The Monastery of Agios Antonios occupies the summit of the hill of Kephalos, dominating the fertile plains of the east coast of Paros, east of the village of Marpissa or Tsipidos (as the present-day settlement was called up to 1926).
A ruined kastro of the Late Medieval era predates the Monastery of Agios Antonios on the hilltop. The outer fortification wall of the kastro was constructed around 1500 under the authority of the Venetian lord of Paros, Nicolo I Sommaripa. According to archaeological evidence, an earlier fortified settlement existed on the same site already at the beginning of the 13th century, while the Florentine priest Christophoro Buondelmonti testified to its existence when he visited Paros around 1415-1420. This is the site where the last page of the history of Venetian authority on Paros was written. The kastro of Kephalos was besieged and captured in 1537 by Hayreddin Barbarossa, Grand Admiral of the Ottoman fleet. According to local tradition and later historical sources, Barbarossa removed the Venetian authority, captured the whole island and slaughtered 6,000 inhabitants.
The ruins of nine single-aisled churches are to be found within the fortification walls of the kastro. The largest of them, dedicated to the Annunciation, has been recently restored; according to the dedicatory inscription above its doorway, the church was built in 1410, comprising the oldest dated church on the island of Paros.
The history of the Monastery itself between 1597 and 1642 remains largely unknown. Before 1639, the monastic church was a property of Ioannis Poulios, priest of the village of Tsipidos. The Monastery started to operate as such in 1642, when Anthimos Skordilis was appointed as its first abbot. According to a signet of April 1767 by Patriarch Samuel, Hosios Cyrillos Papadopoulos (1748-1833), born in the village of Marpissa and a distinctive figure of the period, was appointed abbot of the Monastery.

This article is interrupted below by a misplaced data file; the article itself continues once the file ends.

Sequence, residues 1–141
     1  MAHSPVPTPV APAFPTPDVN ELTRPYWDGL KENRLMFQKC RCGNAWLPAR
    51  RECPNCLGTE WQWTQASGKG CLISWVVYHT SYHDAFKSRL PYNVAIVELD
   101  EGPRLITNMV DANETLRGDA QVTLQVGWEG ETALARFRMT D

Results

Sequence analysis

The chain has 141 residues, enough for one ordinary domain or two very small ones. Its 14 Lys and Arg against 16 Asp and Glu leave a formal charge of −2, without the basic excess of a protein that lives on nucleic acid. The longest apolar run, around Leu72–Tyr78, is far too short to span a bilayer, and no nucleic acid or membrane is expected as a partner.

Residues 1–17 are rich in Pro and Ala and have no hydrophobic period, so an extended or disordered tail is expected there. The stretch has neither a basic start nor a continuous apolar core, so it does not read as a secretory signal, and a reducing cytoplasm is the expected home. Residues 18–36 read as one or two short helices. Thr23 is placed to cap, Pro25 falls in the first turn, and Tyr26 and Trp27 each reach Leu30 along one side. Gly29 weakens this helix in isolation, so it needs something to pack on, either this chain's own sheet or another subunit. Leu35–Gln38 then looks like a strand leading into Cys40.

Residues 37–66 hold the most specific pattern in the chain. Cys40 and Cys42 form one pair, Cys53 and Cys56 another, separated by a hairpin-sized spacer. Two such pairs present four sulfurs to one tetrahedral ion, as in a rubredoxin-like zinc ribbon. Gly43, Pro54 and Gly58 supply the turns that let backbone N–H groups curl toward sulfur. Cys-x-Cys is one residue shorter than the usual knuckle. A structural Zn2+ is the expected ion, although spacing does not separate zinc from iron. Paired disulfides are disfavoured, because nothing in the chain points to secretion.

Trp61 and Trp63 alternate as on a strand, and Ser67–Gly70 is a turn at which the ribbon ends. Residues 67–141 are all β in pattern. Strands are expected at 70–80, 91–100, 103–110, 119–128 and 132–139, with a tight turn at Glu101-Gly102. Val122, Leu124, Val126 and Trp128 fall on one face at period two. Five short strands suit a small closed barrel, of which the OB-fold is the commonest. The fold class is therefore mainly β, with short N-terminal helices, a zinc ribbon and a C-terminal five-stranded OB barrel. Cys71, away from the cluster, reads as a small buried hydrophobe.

Agios Antonios gradually acquired large property and came under the protection of the family of Nicolaos Mavrogennis of Wallachia.
The monastic church, a three-aisled cruciform basilica with two domes, is dedicated to Saint Anthony and comprises a unique architectural masterpiece on the island.
The church preserves traces of wall frescoes of the 16th-18th centuries, a wooden-carved templon-screen of 1693, a marble ambo, a marble altar supported by ionic capitals, a wooden-carved ciborium (1733), and a marble ostensorium of the Venetian period bearing the Sommaripa’s coat-of-arms.
Agios Antonios is one of the most important pilgrimage sites on the island. During the period of its peak (17th-19th centuries), the Monastery was distinguished as a major monastic and charity centre. Its contribution to local economy and culture was of great significance.
The Monastery celebrates three times a year: on the name-days of Agios Antonios (17th January), Prophet Elias (20th July) and Virgin Myrtidiotissa (24th September).